- Eminem just hit 12 years of sobriety.
- An addiction to pills nearly cost him his life.
- Recovering addicts face unique challenges and dangers of relapse during the coronavirus lockdown.
As the coronavirus lockdown and growing political unrest darken the planet, Eminem shared an inspiring milestone on Instagram late Monday evening.
The 47-year-old “Rap God” has been sober for 12 years.
That is certainly an enormous feat of strength for Marshall Mathers. The famous rapper struggled for years with an addiction to prescription pills.
That is to say, at one point, his daily consumption of Vicodin, Ambien, and Valium topped 90 pills a day during his darkest moments.
Mathers described his harrowing addiction in uncomfortable detail for an incredible 2011 Rolling Stone interview entitled, “Eminem: On The Road Back From Hell.”
Eminem Struggled for Years With Drug Addiction
In the single “3 a.m.” from his 2009 album Relapse, Eminem rapped:
Swallowin’ a Klonopin while I’m noddin’ in and out on the ottoman
At the Ramada Inn, holding onto the pill bottle, then
Lick my finger and swirl it ’round the bottom
And make sure I got all of it
After his first attempt at sobriety in 2005 with some time in rehab, Mathers relapsed when someone he knew gave him some unidentified blue pills.
They turned out to be methadone, and taking them landed the erstwhile sober rapper in the hospital:
My doctor told me the amount of methadone I’d taken was equivalent to shooting up four bags of heroin. I probably wouldn’t have taken it. But as bad as I was back then, I can’t even say 100 percent for sure.
After getting knee surgery in 2008, Eminem had another relapse. His pill addiction spiraled out of control again. But this time, his recovery would last for 12 years and counting.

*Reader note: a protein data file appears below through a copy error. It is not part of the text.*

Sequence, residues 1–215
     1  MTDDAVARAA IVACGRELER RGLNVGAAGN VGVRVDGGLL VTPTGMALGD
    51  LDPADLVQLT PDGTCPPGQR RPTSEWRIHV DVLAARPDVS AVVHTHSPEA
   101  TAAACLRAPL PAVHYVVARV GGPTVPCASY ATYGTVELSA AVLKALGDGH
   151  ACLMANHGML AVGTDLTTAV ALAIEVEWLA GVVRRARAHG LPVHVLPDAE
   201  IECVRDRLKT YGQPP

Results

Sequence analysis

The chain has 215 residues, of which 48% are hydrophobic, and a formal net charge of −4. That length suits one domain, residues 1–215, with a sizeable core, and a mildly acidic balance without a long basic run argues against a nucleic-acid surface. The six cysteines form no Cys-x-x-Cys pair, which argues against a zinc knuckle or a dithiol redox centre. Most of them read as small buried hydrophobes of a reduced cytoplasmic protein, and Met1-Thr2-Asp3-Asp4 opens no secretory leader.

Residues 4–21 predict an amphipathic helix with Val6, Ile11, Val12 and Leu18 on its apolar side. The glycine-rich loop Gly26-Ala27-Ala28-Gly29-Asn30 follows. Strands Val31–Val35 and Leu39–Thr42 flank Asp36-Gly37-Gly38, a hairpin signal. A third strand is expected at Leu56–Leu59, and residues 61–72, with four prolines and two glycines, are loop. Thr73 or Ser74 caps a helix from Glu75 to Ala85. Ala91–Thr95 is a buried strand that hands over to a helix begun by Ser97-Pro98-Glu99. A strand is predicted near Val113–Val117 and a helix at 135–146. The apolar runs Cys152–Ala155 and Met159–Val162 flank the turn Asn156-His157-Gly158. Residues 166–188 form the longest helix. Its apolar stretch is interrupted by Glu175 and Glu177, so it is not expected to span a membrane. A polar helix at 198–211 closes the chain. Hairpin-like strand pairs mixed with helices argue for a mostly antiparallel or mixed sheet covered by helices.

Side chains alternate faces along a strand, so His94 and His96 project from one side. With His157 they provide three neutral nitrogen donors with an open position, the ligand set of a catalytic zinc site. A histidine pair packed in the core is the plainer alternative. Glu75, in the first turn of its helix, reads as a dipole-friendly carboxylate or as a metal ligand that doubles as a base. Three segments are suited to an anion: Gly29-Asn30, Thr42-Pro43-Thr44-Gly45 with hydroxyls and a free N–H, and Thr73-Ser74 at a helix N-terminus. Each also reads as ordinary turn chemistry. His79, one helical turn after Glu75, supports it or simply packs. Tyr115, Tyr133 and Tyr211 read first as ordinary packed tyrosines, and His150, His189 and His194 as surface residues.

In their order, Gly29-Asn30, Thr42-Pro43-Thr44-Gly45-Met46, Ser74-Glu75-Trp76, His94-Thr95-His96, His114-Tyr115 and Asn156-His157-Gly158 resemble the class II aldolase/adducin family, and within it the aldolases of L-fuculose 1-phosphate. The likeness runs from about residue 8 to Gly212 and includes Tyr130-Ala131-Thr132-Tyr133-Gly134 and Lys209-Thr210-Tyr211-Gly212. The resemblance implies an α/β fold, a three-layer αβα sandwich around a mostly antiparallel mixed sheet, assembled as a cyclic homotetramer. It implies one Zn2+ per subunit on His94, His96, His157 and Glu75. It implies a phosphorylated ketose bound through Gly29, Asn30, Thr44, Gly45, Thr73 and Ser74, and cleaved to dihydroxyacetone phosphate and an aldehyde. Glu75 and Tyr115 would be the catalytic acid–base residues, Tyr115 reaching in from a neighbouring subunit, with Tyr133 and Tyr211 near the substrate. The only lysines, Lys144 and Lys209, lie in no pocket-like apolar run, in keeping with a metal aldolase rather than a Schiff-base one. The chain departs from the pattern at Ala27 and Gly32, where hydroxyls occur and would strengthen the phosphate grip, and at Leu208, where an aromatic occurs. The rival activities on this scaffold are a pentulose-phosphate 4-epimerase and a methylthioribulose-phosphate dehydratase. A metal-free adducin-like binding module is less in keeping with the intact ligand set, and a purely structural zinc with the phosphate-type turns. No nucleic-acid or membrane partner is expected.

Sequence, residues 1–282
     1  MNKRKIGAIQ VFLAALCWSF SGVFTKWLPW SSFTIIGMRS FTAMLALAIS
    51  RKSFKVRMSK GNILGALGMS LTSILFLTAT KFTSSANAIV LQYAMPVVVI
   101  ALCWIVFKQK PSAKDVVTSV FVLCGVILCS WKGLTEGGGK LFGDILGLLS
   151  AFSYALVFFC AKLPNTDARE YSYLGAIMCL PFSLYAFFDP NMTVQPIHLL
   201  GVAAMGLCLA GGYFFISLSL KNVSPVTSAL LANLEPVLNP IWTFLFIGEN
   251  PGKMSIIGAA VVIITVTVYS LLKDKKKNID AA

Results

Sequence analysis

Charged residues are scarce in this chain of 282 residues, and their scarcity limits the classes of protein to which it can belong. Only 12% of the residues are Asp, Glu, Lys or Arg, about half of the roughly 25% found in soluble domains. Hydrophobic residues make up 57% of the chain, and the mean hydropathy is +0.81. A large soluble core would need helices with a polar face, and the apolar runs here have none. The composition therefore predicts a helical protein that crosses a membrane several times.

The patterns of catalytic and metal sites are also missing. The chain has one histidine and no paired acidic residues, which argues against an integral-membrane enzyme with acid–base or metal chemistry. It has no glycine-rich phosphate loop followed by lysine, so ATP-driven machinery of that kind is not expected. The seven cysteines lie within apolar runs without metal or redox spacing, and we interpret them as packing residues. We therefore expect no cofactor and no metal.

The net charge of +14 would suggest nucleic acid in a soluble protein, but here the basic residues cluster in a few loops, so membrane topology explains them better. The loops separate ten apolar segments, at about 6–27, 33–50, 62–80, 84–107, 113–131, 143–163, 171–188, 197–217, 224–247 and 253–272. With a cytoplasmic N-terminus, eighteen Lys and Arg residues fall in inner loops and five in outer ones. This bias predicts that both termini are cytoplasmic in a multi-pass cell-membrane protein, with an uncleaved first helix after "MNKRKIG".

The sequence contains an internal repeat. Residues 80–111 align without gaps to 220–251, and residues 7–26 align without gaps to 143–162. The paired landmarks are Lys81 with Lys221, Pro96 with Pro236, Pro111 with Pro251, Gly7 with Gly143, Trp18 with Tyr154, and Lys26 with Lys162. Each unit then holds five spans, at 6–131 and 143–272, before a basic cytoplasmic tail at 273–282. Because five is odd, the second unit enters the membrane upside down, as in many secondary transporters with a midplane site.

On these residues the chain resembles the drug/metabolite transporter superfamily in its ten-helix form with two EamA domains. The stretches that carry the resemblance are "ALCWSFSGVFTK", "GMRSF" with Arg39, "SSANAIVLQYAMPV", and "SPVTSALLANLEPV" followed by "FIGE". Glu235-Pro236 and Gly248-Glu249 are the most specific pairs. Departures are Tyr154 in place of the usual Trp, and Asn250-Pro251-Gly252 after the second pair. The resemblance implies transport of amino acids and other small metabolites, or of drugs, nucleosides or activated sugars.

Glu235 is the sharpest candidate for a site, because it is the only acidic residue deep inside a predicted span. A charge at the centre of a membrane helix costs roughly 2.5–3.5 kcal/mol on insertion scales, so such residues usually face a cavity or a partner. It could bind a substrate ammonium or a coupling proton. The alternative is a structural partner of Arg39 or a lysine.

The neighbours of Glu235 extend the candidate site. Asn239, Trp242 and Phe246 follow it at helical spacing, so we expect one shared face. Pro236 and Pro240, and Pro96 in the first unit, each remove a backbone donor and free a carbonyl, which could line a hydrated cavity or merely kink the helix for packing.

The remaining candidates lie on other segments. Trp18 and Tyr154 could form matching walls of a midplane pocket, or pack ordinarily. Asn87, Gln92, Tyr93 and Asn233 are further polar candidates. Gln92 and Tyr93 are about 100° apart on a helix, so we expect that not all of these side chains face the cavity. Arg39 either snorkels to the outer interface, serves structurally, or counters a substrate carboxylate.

The following year he released Relapse, his first studio album in five years. And he hasn’t looked back ever since.
Little did he know winning his battle with drugs would be so inspiring to others in 2020. Eminem’s 12-year sobriety milestone might be exactly what other addicts need to see during the coronavirus lockdown.
It’s good that Eminem has continued his streak despite the unique challenges we all face this year. Recovering addicts are having a tough time during the coronavirus lockdown. According to the Addiction Center:
- Nearly 21 million Americans have at least one addiction.
- Alcohol use claims ~88,000 lives in the U.S. each year.
- Around 50,000 Americans die annually from opioid addiction.
- Alcohol and drug addictions cost the U.S. over $600 billion each year.
Eminem had the benefit of treatment centers to kickstart his sobriety with rehab. But the coronavirus lockdown has left many without support.
Drug Relapses Spike in Recovering Addicts Because of Coronavirus Lockdown
In Italy, a psychologist at an addiction treatment center in Rome says the lockdown has prevented recovering addicts from accessing methadone, an opioid substitution therapy. It’s a problem all over Europe.
Earlier this month, ABC News reported that coronavirus lockdowns have shuttered U.S. support groups for recovering addicts. A 29-year-old recovering opioid addict who uses meetings to stay sober said:
I got sober in 2009 from opioid addiction. I just celebrated 10 years in September. For me, I got sober at 19 and I thought I was the only person who had these issues and then I started going to meetings and I started to see all these other people who had gone through similar things and connecting with them.
But he says the coronavirus lockdown is preventing other alcohol and substance addicts from getting the help he needed ten years ago:
That’s just something you can’t produce with the Zoom meetings.
A primary therapist at a Florida rehab center warned relapses are spiking during the coronavirus lockdown:
We have already seen relapses happening, moments of crisis, obviously a lot of mental health issues associated with the addiction and all the stresses that are going on in the world. I’m definitely afraid that the numbers are just getting started now.
As recovering addicts face unique challenges during the coronavirus lockdown, Eminem’s milestone is a reminder that it is possible to stay sober for years, one day at a time.
This article was edited by Josiah Wilmoth.